Threat of serious industrial unrest: Union leaders hold marathon meeting with Prime Minister
By Mark Symonette, Nassau Guardian, 5 July 2000
Labour leaders Tuesday hinted at serious industrial unrest if the government persisted in passing a package of controversial labour Bills.
Debate is scheduled to begin today in the House of Assembly on the Employment Bill, one in a series of controversial bills proposed by the government.
The possibility of serious action was revealed at a press conference yesterday, one day after leaders of the country's most powerful unions held a marathon meeting with Prime Minister Hubert Ingraham and Labour and Maritime Affairs Minister Dion Foulkes.
Leroy "Duke" Hanna, president of the National Congress of Trade Unions (NCTU), and Obie Ferguson, head of the Trade Union Congress (TUC), reported progress after a seven-hour meeting with the Prime Minister on Monday.
"We won't reveal some of the details that we have discussed, but we will hope that out views or input will find their way into the Bills," Hanna told a press conference at the Bahamas Telecommunications and Public Officers Union (BCPOU) headquarters, Farrington Road.
"Now if that doesn't happen... oh, boy," he said, indicating possible industrial unrest.
The meeting with the Prime Minister was conducted in good faith, Hanna said. It was respectful and, from his remarks, it appeared that there was an agreement with the Prime Minister not to reveal details of the discussions at this stage.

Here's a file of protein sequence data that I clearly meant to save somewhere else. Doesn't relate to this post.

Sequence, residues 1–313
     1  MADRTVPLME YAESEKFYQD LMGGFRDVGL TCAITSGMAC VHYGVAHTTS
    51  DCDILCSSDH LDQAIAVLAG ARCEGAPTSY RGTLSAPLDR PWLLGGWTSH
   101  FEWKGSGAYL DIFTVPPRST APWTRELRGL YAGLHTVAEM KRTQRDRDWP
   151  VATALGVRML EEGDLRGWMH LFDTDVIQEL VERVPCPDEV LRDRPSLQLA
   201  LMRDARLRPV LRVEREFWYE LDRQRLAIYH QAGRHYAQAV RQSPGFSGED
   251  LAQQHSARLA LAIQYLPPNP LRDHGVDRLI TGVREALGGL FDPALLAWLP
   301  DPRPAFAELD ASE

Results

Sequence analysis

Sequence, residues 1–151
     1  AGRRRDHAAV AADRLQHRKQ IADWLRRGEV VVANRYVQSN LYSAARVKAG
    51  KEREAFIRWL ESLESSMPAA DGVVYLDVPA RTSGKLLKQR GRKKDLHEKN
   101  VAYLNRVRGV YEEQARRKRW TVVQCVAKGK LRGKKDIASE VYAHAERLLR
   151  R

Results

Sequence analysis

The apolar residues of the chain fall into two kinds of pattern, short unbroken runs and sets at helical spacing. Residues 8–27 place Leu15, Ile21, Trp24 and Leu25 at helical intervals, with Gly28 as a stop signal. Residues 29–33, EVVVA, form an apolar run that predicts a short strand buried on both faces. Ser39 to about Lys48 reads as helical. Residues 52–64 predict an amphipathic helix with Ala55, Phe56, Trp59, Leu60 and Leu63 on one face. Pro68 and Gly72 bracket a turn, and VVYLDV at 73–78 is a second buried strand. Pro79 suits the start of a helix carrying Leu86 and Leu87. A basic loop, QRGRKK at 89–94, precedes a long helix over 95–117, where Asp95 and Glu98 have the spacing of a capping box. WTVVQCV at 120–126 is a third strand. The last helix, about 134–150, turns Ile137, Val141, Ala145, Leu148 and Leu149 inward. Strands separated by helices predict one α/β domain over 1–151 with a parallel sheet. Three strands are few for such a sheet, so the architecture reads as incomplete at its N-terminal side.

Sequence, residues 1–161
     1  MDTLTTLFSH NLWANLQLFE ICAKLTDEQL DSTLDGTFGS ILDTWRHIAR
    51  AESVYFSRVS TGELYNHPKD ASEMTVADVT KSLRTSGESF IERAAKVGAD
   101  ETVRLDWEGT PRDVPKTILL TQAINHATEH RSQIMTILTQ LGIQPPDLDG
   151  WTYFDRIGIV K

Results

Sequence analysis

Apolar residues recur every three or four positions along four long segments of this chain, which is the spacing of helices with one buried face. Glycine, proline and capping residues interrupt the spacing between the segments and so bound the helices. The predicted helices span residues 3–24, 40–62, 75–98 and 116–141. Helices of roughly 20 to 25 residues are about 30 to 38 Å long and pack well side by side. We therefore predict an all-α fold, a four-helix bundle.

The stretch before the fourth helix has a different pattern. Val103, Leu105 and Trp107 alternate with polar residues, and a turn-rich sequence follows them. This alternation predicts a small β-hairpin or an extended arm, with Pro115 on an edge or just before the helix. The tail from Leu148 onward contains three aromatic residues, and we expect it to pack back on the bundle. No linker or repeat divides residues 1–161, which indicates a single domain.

The unions said they were united in their approach to the Bills, which, they contend, will push workers back 50 or 60 years.
The government intends to push forward with the Employment Bill, 2000, the Minimum Wages Bill, the Health and Safety at Work Bill, the Trade Union and Labour Relations Bill, and the Trade Disputes Bill.
The Bahamas Employers Association, consisting of some of the country's biggest and most influential employers, have attacked provisions in the Bills.
The government, for its part, maintained that the legislation is intended to advance the rights and dignity of workers.
Trade unions are concerned that the Bills will actually strip away worker rights, leaving them at the mercy of greedy employers.
"We will remain together, we are very strong, we are very focused on what we think the workers' needs are," Hanna said.
Hanna said the bills have caused such a stir that "even the employers are asking for more time, even though I think they have had their concerns satisfied."
The unions are also asking for some television time to put their case directly to the workers. "We are not in the House of Parliament, at least not yet, and so, therefore, it is very difficult for us to put our case," Ferguson added.
The government, they said, was moving with undue haste: "We see no reason why the matter should not be postponed and delayed until all the parties can articulate their concerns," Ferguson said.
While some progress was made at Monday's discussions, he said, the government was "totally aware that we have some serious difficulties about certain aspects of those Bills because it does not represent the interest of the working people."
"It seeks to take us back as opposed to even maintaining where we are, or for that matter, moving us forward," Ferguson said.